Between 1859 and 1910 the Minery was the scene of buddling, smelting and occasional investigative mining by a confusing series of small companies - notably Edward H. Barwell and the Mendip Hills Mining Co. Cornish miners and techniques were used and most of the visible remains date from this period.  The lead was smelted at the Waldegrave Works just down the track towards the rival St. Cuthbert's Works in the adjacent Priddy Minery.

In 1860 a case came up for trial between the two Mineries concerning water rights and a map probably dating from this event clearly shows the buddIes, labelling them "washing works" and shows the "swallet hole" at their NE end. There are indications that these buddIes were out of use by the mid 1870s.

c.1930-1945 saw the filling in of the shaft in the edge of the (now) forest opposite the sink entrance.

Old batteries and rubbish were tipped into the wheelpit (sink) entrance, probably in the 1950s.

In 1996 the B.E.C. arrived to dig it all out again!

* Old Man - A metalliferous mining term for previous generations of miners and their workings in Derbyshire:- "T' owd Man"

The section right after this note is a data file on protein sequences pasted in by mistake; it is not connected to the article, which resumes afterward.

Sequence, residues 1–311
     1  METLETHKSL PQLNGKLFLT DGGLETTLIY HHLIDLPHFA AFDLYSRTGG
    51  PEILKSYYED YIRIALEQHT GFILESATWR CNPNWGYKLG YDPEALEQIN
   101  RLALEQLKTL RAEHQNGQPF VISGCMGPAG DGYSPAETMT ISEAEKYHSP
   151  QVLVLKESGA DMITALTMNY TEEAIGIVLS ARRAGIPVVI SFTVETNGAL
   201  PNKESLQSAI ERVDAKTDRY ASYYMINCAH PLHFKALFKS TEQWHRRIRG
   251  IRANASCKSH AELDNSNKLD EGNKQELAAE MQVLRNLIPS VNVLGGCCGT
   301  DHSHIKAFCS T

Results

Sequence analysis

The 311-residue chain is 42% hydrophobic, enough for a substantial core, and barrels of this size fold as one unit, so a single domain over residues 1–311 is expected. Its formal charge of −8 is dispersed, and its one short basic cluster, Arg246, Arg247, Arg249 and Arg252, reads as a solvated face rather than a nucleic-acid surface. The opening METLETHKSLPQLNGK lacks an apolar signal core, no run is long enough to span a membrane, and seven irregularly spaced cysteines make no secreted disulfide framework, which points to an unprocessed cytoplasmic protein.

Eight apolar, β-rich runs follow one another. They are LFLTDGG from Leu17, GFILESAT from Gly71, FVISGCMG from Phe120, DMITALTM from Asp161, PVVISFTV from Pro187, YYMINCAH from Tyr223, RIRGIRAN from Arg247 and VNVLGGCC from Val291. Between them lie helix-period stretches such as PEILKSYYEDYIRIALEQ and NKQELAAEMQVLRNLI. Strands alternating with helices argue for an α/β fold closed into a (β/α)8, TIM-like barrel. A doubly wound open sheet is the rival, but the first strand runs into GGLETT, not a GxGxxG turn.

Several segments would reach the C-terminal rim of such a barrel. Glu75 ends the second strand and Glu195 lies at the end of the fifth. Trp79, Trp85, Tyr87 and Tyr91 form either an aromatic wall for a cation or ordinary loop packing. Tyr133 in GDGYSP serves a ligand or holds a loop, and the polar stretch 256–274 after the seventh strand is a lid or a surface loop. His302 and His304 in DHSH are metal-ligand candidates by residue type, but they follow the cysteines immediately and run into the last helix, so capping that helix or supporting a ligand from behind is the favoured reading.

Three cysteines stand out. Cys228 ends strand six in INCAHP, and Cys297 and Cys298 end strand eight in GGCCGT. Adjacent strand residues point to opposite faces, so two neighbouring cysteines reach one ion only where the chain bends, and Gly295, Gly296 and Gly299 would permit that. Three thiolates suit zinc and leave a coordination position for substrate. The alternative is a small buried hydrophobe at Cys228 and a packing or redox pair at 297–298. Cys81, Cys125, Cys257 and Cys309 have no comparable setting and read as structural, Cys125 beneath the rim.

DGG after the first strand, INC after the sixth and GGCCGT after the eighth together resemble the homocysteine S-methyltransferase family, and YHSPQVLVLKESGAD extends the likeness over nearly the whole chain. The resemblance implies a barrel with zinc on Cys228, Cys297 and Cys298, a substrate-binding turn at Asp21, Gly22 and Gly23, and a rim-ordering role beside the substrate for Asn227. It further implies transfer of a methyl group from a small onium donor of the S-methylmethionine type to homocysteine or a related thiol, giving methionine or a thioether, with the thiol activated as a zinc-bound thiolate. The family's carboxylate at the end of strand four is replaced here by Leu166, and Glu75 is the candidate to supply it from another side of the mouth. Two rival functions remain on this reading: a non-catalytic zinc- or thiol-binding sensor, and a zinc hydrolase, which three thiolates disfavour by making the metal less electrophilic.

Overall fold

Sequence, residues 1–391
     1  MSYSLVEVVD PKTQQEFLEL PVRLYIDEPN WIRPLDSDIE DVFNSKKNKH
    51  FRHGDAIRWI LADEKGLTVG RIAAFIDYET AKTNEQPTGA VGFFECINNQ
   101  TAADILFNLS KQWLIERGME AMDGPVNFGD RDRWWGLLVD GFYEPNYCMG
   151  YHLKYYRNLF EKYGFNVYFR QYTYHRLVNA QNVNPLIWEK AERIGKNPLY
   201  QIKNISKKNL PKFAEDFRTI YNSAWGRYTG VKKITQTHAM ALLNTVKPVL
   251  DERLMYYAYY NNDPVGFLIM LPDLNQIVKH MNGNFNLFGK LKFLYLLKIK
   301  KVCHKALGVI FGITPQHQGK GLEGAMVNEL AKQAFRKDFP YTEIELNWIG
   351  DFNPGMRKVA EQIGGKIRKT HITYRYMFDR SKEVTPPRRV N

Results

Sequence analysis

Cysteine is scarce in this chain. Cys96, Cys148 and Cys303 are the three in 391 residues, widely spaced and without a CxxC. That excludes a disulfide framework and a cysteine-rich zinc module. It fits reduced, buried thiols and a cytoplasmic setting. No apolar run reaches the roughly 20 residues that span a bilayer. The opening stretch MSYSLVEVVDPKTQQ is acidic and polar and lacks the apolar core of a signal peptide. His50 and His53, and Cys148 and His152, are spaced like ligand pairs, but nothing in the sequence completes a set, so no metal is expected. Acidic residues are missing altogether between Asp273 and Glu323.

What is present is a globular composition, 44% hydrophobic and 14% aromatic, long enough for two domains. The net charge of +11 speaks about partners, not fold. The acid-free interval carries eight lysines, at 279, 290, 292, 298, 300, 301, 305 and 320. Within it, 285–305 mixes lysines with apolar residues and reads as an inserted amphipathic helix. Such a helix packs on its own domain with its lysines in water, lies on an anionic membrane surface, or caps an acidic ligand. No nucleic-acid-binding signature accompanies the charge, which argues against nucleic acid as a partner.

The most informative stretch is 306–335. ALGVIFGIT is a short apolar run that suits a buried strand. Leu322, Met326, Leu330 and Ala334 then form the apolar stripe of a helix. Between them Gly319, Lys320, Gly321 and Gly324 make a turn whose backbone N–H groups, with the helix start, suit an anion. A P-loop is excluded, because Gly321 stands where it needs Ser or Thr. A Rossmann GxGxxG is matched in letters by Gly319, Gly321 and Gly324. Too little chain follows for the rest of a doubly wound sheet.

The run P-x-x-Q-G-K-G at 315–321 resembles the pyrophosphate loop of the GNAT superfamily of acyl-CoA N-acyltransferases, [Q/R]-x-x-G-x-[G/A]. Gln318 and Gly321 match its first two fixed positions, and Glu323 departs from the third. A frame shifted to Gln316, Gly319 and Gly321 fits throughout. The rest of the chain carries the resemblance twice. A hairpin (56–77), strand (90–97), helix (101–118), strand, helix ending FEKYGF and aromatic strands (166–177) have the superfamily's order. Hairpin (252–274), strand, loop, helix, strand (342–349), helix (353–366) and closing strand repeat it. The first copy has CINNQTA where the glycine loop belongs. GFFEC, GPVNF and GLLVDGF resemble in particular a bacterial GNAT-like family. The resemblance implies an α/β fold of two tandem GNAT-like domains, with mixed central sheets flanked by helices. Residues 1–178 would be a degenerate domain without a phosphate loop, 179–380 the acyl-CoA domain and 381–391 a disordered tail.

The Dig:

Permission to excavate was obtained from Nigel Pooley, estate manager of Chewton Farms, on 29th July 1996 and with the added blessing of the tenants, Somerset Trust, work commenced the same day with the fencing off of the depression and proposed spoil dumping area.  Digging started on 25th August with a six man team spending three hours clearing spoil, rocks, lead slag, bricks and rubbish to reveal a parallel mortared wall 6 feet SE of that visible at surface.  The following day a large team reached a depth of some 6 feet to uncover two lines of sloping red bricks laid on top of rotten wooden beams.  Four segments of a broken, bevelled iron gear wheel and a possible short segment of iron water wheel rim were recovered along with other unidentifiable objects.  Much of the spoil was transported to Waldegrave Pond for use by Somerset Trust workers in repairing the dam.


MHMC Share certificate signed by Edward H. Barwell. 

Davey Lennard at the Sink in February 1995. All the ponded flood-water; sinking at his feet. Wheel Pit is to the left of the Landrover, Waldergrave Swallet is behind the central group of trees and Snake Pit Hole is to the front to the right of the Landrover.

Photo A. Jarratt